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UniSA to Develop New Self-Healing Concrete Tech

Soon, cracking in some 117,000 kilometres of sewer pipes in Australia could be prevented via the use of water treatment sludge. This would not require any human intervention and could help save AU$ 1.4 billion in annual maintenance costs. A first-of-its-kind project, led by Professor Yan Zhuge a sustainable engineering expert at the University of South Australia, aims to test a novel solution to halt unprecedented levels of corrosion in the country’s ageing concrete pipelines.

Corrosive acid from sulphur-oxidising bacteria in wastewater, in addition to excessive loads, internal pressure and temperature fluctuations cause pipes to crack and reduce their life span. This often results in hundreds of millions in annual repair costs in Australia.

To prevent this from happening self-healing concrete, in the form of microcapsules filled with water treatment sludge, could be the answer. Prof Zhuge stated that sludge waste shows could mitigate microbial corrosion in concrete sewer pipes as it serves as a healing agent to resist acid corrosion and heal the cracks.

Researchers will develop microcapsules with a pH-sensitive shell and a healing agent core containing alum sludge – a by-product of wastewater treatment plants – and calcium hydroxide powder. The combination will be highly resistant to microbially induced corrosion (MIC). It will be embedded inside the concrete at the final step of mixing to protect it from breakage. When the pH value changes as acid levels build up, microcapsules will release the healing agents.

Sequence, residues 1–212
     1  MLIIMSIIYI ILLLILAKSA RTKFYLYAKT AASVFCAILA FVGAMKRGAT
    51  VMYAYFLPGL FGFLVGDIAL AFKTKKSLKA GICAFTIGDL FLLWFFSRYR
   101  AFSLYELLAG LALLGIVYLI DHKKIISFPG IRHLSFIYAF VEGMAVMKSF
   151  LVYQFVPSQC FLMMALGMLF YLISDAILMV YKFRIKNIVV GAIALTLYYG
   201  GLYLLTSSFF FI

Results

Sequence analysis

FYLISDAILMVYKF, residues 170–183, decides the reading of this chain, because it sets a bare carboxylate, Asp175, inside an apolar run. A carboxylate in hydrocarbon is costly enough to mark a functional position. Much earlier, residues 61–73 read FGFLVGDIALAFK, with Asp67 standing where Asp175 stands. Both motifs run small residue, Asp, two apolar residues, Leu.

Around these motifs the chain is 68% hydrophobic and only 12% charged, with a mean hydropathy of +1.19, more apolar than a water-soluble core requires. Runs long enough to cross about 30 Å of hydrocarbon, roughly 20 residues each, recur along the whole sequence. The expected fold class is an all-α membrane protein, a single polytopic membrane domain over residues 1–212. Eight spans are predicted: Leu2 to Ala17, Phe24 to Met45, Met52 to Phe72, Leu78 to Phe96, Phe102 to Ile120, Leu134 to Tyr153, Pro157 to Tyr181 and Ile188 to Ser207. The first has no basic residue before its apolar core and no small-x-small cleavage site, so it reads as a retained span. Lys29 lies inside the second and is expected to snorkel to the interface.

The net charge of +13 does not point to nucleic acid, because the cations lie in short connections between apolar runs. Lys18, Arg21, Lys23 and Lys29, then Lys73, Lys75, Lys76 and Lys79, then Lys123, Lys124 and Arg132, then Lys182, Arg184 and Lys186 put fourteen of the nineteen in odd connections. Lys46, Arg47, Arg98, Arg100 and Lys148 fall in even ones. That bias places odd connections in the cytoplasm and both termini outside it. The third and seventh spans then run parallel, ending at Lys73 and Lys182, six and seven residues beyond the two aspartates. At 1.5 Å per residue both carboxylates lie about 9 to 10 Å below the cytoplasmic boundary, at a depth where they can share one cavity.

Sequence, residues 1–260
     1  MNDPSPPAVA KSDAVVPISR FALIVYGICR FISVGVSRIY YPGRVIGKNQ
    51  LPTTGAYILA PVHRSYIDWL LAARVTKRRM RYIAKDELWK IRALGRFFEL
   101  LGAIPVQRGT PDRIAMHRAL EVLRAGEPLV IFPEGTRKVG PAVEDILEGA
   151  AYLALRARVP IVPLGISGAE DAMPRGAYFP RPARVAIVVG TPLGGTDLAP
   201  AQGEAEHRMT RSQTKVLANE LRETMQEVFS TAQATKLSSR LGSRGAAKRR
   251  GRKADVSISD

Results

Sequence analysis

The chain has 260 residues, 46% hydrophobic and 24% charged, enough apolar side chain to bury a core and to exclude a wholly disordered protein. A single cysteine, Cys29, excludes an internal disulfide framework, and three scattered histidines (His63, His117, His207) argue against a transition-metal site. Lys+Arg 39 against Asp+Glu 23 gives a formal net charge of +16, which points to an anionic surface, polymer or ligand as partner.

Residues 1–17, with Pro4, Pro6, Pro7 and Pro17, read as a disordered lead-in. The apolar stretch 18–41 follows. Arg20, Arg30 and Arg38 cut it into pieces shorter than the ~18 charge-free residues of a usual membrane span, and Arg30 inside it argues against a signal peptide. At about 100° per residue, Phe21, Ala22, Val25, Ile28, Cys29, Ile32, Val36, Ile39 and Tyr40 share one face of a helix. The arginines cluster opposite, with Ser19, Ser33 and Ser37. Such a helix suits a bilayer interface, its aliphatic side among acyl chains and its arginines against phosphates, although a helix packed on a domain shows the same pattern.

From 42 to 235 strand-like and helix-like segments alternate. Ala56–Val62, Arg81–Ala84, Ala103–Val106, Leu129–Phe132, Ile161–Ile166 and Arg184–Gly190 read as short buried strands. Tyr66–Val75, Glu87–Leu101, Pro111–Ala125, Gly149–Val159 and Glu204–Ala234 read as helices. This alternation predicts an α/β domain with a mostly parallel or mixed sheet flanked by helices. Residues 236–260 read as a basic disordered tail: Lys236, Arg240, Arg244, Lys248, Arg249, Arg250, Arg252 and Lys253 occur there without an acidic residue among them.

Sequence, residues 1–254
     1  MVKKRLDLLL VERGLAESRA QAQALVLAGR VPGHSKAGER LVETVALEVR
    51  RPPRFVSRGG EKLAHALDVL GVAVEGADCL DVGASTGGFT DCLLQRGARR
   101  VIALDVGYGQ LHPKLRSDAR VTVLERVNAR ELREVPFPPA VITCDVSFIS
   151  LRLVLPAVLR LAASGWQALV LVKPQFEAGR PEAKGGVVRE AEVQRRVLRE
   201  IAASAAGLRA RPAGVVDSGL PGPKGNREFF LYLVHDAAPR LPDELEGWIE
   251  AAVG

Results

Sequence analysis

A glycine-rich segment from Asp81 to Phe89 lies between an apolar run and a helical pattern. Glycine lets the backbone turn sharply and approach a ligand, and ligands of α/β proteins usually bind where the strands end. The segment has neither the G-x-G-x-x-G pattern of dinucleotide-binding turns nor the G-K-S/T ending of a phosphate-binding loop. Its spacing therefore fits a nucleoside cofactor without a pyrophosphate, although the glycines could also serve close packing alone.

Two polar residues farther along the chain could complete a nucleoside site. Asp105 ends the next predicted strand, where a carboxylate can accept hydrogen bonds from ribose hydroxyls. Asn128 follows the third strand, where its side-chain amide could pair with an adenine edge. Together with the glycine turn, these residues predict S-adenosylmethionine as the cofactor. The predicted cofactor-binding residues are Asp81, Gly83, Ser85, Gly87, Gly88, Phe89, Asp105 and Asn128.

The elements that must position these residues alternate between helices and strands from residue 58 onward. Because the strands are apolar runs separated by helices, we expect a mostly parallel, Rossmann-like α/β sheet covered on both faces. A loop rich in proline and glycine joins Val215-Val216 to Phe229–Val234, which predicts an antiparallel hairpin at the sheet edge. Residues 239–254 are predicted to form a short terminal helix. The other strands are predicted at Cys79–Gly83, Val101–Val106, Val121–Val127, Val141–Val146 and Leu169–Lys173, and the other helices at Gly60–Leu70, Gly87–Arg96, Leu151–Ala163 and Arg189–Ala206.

The technology will not only extend the lifetime of concrete structures, saving the Australian economy more than AU$1 billion, but it will promote a circular economy as well by reusing sludge that would normally end up in a landfill.

Existing repairs of deteriorating concrete only cost millions and are often short-lived, with 20% cent failing after five years and 55% fail after 10 years. Moreover, current acid corrosion containment methods in sewer pipes have been unsuccessful for several reasons.

While chemicals can be added to wastewater to alter the sewer environment and stop corrosion, they contaminate the environment and are expensive. Another option involves increasing the speed of sewage flow by amending the pipe hydraulics, but this is not always effective. Surface coating is another popular option, but it is time-consuming, and the effect is temporary.

It was noted that improving the design of the concrete mixture is the ideal method for controlling microbially induced corrosion. Using self-healing concrete that can seal cracks by itself without any human intervention is the solution.

In addition, to achieve carbon neutrality by 2050, the construction industry must transition to a circular economy. Industry by-products or municipal wastes that would normally be discarded in landfill sites, potentially generating pollution, may now be reused in the construction production chain.

Alone, Mainland Australia has roughly 400 drinking water treatment plants, with a single site annually generating up to 2000 tonnes of treated water sludge. Most of that is disposed of in a landfill, incurring a cost of over AU$ 6 million annually, as well as resulting in extreme environmental damage.

Disposing of one tonne of sludge in a landfill releases approximately 29.4 tonnes of carbon dioxide emissions – much higher than cement production – and leaches aluminium into the soil and water, a risk factor for Alzheimer’s disease.

The team is confident that the novel self-healing concrete based on advanced composite technology will address issues of sewer pipe corrosion and sludge disposal in one hit. The project is being partially funded by an AU$ 501,504 Australian Research Council grant and involves researchers from the University of South Australia and the University of Queensland.

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